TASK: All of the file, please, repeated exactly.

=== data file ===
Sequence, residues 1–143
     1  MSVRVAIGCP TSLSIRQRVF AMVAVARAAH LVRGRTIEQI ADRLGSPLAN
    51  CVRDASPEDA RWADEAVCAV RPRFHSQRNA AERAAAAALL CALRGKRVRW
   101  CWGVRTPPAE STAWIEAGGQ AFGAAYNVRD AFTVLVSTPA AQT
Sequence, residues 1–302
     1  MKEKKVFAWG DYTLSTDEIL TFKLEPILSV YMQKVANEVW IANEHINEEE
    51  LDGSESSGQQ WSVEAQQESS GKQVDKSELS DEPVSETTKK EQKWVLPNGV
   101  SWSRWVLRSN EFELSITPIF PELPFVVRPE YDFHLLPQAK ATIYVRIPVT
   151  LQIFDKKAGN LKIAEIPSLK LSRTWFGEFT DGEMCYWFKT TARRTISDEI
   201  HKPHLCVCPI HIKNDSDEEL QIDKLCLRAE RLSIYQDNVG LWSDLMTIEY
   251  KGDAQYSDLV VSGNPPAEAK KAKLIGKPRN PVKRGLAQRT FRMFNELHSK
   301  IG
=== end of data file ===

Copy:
Sequence, residues 1–143
     1  MSVRVAIGCP TSLSIRQRVF AMVAVARAAH LVRGRTIEQI ADRLGSPLAN
    51  CVRDASPEDA RWADEAVCAV RPRFHSQRNA AERAAAAALL CALRGKRVRW
   101  CWGVRTPPAE STAWIEAGGQ AFGAAYNVRD AFTVLVSTPA AQT
Sequence, residues 1–302
     1  MKEKKVFAWG DYTLSTDEIL TFKLEPILSV YMQKVANEVW IANEHINEEE
    51  LDGSESSGQQ WSVEAQQESS GKQVDKSELS DEPVSETTKK EQKWVLPNGV
   101  SWSRWVLRSN EFELSITPIF PELPFVVRPE YDFHLLPQAK ATIYVRIPVT
   151  LQIFDKKAGN LKIAEIPSLK LSRTWFGEFT DGEMCYWFKT TARRTISDEI
   201  HKPHLCVCPI HIKNDSDEEL QIDKLCLRAE RLSIYQDNVG LWSDLMTIEY
   251  KGDAQYSDLV VSGNPPAEAK KAKLIGKPRN PVKRGLAQRT FRMFNELHSK
   301  IG